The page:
Tuesday, 7 October 2014 Liverpool Biennial 2014 @ The Old Blind School, Hardman Street L1 9AX
As I sat in traffic jams and made way for two sets of ambulances on my journey into Liverpool’s ‘Cultural Quarter’, I wondered who would be there and how today would tackle some of the very real local social challenges our northern cities are facing.
The Old Blind School is a building steeped in history; the first blind school in the country with a rich architecture, where brush-making, reading Braille, basket-weaving and pianotuning were amongst the taught activities; a building left empty for too many years, which holds a spirit of times past. So when the Biennial decided to open its doors this year and populate its spacious rooms with contemporary art, performances and gatherings, this invitation to the public to come in through the heavy old doors was in itself a change-making act. The original sense of purpose followed by neglect and rediscovery of this building resonates in a city grappling with a multitude of pasts, presents and futures.
The welcome was warm, as I was accompanied on the mini-journey up to the events space, from which conversation and energy were already spilling out. Amongst the many familiar faces there were also a host of people who were new to me, and I immediately recognised the quality and commitment brought by key creative individuals and leaders from Manchester and Liverpool to the questions which the day was designed to raise and work on.
Importantly, the turnout demonstrated a show of solidarity paired with a real will to collaborate across two cities, which have very different qualities and have tended to turn their back on each other despite their proximity. This will was echoed in conversations throughout the day.
Sally Tallant welcomed everyone and set the scene and the rationale of the day to focus on entry routes into the cultural sector for people in the North West who are underrepresented, by exploring how can we optimise our local assets to influence public policy and create stronger regional networks for sharing learning and responsibility.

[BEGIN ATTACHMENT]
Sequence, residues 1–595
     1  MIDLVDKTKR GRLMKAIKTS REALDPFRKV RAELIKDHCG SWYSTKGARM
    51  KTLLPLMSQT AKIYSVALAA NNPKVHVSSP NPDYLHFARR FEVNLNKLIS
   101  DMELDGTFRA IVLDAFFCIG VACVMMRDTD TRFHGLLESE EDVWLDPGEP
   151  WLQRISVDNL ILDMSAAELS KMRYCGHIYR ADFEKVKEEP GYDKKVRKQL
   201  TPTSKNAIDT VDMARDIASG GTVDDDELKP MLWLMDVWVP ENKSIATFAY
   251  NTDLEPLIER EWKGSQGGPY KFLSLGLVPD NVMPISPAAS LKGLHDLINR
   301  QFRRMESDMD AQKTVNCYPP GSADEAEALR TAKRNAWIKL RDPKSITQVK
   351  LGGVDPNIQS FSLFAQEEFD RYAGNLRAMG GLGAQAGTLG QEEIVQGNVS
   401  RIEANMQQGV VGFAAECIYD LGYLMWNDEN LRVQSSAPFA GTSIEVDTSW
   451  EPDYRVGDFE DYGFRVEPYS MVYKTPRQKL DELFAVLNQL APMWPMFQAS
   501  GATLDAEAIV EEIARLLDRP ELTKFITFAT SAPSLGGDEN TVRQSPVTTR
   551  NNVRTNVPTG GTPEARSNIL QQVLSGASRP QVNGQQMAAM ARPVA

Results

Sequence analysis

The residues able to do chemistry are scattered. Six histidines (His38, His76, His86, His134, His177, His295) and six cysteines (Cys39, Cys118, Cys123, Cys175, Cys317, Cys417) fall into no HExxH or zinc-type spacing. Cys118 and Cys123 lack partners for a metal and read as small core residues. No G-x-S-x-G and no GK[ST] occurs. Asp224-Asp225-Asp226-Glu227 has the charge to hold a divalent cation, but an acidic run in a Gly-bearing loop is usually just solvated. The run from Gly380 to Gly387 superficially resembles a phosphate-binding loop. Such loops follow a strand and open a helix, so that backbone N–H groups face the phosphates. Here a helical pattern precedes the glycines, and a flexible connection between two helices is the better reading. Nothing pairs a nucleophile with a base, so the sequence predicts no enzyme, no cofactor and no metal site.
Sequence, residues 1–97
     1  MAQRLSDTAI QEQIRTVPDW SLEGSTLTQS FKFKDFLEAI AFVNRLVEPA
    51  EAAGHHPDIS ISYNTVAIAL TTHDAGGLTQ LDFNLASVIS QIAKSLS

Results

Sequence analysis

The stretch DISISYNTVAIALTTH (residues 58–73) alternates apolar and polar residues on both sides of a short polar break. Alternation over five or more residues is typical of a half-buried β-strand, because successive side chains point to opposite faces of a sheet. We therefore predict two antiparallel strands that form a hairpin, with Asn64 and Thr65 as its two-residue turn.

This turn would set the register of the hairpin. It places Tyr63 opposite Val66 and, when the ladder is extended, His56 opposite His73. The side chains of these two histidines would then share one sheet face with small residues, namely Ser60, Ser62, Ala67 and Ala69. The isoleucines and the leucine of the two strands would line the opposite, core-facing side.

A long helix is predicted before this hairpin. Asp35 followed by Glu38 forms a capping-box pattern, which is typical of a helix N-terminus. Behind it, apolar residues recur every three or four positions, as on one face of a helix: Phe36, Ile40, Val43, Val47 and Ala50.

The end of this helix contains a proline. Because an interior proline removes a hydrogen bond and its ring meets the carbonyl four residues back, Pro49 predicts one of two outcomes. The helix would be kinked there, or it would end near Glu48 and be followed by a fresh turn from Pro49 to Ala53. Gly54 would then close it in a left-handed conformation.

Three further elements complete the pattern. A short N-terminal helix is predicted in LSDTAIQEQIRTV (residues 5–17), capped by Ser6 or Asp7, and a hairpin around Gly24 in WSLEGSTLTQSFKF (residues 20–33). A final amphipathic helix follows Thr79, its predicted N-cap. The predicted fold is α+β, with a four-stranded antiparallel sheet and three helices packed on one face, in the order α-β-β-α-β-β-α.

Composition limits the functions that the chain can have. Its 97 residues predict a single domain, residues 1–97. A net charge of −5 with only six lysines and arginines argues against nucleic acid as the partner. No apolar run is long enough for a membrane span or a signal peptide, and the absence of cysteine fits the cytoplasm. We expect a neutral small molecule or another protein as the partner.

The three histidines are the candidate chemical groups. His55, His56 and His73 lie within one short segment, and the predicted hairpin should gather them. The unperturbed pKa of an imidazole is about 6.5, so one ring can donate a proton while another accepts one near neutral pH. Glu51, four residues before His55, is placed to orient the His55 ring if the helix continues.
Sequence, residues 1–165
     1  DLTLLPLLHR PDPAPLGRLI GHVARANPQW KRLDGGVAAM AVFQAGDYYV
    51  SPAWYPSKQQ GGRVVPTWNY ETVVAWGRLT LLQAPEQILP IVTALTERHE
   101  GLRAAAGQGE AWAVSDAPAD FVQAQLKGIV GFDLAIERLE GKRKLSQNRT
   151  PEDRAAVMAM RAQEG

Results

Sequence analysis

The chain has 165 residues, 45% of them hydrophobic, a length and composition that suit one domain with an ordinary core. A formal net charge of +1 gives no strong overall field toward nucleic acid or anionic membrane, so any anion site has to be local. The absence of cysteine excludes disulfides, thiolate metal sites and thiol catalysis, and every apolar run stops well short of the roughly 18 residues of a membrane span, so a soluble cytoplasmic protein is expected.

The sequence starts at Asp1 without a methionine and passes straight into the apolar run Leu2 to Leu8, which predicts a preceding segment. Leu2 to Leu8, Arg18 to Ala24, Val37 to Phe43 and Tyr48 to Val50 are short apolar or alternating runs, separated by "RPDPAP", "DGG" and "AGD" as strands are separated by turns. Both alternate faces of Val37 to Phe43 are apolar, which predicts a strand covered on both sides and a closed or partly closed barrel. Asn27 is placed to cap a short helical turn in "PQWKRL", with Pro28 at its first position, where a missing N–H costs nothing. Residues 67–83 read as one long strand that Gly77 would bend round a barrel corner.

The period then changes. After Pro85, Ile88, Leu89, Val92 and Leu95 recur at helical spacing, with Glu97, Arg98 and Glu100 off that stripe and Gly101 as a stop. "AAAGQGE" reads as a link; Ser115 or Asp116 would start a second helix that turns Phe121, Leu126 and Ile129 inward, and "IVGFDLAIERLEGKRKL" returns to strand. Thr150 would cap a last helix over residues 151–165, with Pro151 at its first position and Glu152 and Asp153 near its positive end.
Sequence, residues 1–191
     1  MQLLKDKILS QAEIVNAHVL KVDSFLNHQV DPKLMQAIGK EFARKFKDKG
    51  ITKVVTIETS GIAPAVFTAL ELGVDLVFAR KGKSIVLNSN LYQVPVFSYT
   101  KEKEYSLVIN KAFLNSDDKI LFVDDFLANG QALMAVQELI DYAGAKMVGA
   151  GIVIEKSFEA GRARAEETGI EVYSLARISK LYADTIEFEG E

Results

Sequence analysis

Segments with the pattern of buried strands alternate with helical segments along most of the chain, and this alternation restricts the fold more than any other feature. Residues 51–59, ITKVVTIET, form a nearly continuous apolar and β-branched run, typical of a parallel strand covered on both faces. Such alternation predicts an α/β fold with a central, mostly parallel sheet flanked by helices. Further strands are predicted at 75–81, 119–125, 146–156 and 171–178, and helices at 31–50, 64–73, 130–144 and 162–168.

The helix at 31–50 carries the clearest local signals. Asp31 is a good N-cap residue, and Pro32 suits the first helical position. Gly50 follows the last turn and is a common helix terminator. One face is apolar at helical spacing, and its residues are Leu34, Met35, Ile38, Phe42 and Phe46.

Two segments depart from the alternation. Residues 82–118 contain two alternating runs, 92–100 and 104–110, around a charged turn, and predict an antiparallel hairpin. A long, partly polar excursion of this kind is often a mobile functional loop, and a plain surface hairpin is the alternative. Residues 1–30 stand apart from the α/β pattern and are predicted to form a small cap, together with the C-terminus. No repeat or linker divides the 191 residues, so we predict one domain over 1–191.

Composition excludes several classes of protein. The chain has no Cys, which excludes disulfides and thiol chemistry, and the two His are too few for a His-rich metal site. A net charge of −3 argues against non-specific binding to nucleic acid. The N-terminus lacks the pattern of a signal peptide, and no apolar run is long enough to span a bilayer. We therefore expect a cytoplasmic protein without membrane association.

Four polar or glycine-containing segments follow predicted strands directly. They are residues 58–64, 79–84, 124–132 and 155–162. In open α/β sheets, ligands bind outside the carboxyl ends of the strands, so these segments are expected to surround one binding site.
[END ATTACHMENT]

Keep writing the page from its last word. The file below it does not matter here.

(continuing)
Many aspects of the training and research I chose to pursue during my Clore Leadership Fellowship in 2005-6 have become a touchstone for me over the years, as have the friendships forged. This summer it was a pleasure to re-connect with Sue Hoyle, the person who has carried the vision and learning through from the launch of the programme 10 years ago.
Refreshingly, Sue started her talk by laying out her own beliefs with confidence and humility, beliefs which underpin a set of inclusive values. Sue doesn’t define leadership by conventional hierarchies, but by change-making potential, which can be released and fostered in many different ways. She challenges the notion of career ladders and talks eloquently, embodying the way in which her work genuinely affords care and support to people who are stepping up to face the challenges which the cultural sector faces. Her concluding point about self-awareness and personal and collective wellbeing being at the heart of what leaders need to take charge of, was particularly strong, given my own journey to this point, and the pressured context in which we are operating.
Our first group discussion raised more questions than answers, though some really constructive suggestions were made of how to share learning programmes and how to make the process of building connectivity between disciplines and cities creative and rejuvenating.
Bonnie Greer started her keynote, perched on a window ledge, unashamedly raising awkward, uncomfortable issues and taking us into a territory where change wasn’t a choice, it was imperative. Her vocation is language, yet she immediately exposed how our language still falters around definitions and categories linked to diversity, race, disability and inclusion. Bonnie addressed her speech to black women, and by doing so, she heightened our awareness of the marginalized parts of us, the parts which perhaps did feel uncomfortable on a horse.
Her speech was a call to arms and a call for healing at the same time; it was rife with powerful personal reference points, topical debate and the challenges facing all who hold true to social justice at a time during which inequalities are becoming more acute. She moved with grace between the need to confidently back freedom of expression, specifically in relation to the withdrawal of Exhibit B, and a leader’s need to embrace failure, and expect opposition. She spoke about the cap she wore, which symbolised the people from her Chicago homeland who walked with her into the room with her when she collected her OBE, and how we all can be so much bigger than we are.